Interview: Martin Luther King, Jr. National Memorial Photographer Gediyon Kifle

The crowd at the Martin Luther King, Jr. Memorial in Washington, D.C on Sunday, January 15, 2012. (Photo by Gediyon Kifle)

Tadias Magazine

By Tadias Staff

Published: Monday, January 16, 2012

New York (TADIAS) – This year marks the first MLK day celebration since the unveiling of the new memorial at the National Mall in Washington, D.C.

We followed up with photographer Gediyon Kifle who has been documenting the Martin Luther King, Jr. National Memorial project for over a decade.

“I have worked on the project for 12 years photographing everything from the design competition to the dedication by President Obama,” Gediyon told TADIAS in a recent interview. “I was initially hired to document the submitted design competitions — that’s how my relationship with the foundation started.” Gediyon added: “It has been a great privilege to witness the process with my own eyes through three presidents including President Clinton and President Bush.”

The MLK memorial features a 30-foot granite sculpture, located near Washington, D.C.’s Tidal Basin between the Jefferson and Lincoln memorials. It includes a crescent-shaped inscription wall containing 14 excerpts from some of Dr King’s most memorable speeches.

According to the park’s web site: “The memorial is envisioned as a quiet and receptive space, yet at the same time, powerful and emotionally evocative, reflecting the spirit of the message Dr. King delivered and the role he played in society.”

The monument has also been a point of controversy with conflict topics ranging from the memorial’s location at the National Mall and giving a Chinese sculptor the contract, to Dr. King’s facial expression as depicted on the statue. The most recent criticism came from author Maya Angelou who protested an inclusion of an incorrectly paraphrased quote, which the poet said makes the civil rights leader sound ‘arrogant.’ Interior Secretary Ken Salazar announced a change will be made regarding the latter complaint shortly.

(Photo of Gediyon Kifle by David Sharp)

For Gediyon the most memorable moments were photographing the people who had either known Dr. King or were inspired by him. “Congressman John Lewis specifically,” he said, referring to the civil rights legend from Atlanta, Georgia. “Every time he speaks it feels like you are in that zone, at that moment, he has a way of expressing and talking about it and it feels like he is speaking about an incident that happened yesterday.” He added other figures: “People like Jesse Jackson who was there with him, and Ambassador Andrew Young. And there is the family, his children, his sister, and his wife before she passed away, hearing them speak and photographing them gives you a sense of closeness to his legacy.”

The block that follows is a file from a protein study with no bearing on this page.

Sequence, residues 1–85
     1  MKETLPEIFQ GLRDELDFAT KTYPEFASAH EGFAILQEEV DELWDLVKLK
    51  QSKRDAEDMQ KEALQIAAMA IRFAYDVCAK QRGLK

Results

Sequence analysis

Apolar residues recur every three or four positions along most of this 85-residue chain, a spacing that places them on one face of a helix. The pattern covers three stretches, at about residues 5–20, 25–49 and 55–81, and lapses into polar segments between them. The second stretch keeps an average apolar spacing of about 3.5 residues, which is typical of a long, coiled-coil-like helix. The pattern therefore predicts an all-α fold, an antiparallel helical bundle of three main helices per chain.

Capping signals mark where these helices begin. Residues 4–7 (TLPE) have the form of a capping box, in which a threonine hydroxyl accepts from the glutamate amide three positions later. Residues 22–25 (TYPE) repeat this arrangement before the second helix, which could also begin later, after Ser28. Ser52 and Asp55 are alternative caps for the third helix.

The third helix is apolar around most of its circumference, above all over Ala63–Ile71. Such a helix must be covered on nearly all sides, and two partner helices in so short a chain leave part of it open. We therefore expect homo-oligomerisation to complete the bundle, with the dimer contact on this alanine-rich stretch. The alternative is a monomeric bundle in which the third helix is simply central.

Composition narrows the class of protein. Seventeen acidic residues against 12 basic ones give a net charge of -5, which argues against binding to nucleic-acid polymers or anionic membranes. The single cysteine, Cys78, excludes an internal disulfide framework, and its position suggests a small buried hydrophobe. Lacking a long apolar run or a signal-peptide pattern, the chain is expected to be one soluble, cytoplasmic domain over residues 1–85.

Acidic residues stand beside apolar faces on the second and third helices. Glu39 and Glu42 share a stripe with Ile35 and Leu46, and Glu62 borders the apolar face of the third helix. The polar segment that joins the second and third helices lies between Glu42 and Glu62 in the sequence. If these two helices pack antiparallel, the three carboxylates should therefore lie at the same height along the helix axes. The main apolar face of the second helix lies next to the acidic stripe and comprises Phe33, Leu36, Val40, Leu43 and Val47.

“I have tremendous respect and admiration for the people who made this happen,” Gediyon said. “A small group of them, they raised 120 million dollars, and built a memorial for a peacemaker placed near presidents and military heroes. That’s a big accomplishment that some thought would never materialize.”

Gediyon was born in Ethiopia and came to the United States with his family when he was 10 years old. “Ever since then I have pretty much lived on the East Coast. I attended East Tennnessee State University and studied Mass communication. I did not study photography,” he said. “But I paid my way by doing photography work. It all began with my mother giving me a Canon camera when I was ten years old. I give my mother credit for giving me my first toy. There has never been a dull moment since then.”

Regarding his experience with the MLK project, Gediyon said: “When you take a break and think about it, the historical magnitude of the work kind of jolts you. I mean an ordinary man being honored with a memorial between Lincoln and Jefferson. Can you imagine that? Can you imagine being in his skin, a person who was being poked from every side. And he was saying ‘be patient.’ He was 39 years old when he died. He was ahead of his time!”


MLK’s Invitation from Haile Selassie in 1964 (TADIAS)

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2 Responses to “Interview: Martin Luther King, Jr. National Memorial Photographer Gediyon Kifle”

  1. 1 mimi Jan 17th, 2012 at 11:50 am

    great work!

  2. 2 Merid Jan 29th, 2012 at 11:39 pm

    Hi Gediyon,

    I want to congratulate you for such a beautiful work did on MLK Jr. National Memorial. You are a rising star in the area of photo and photojournalism.


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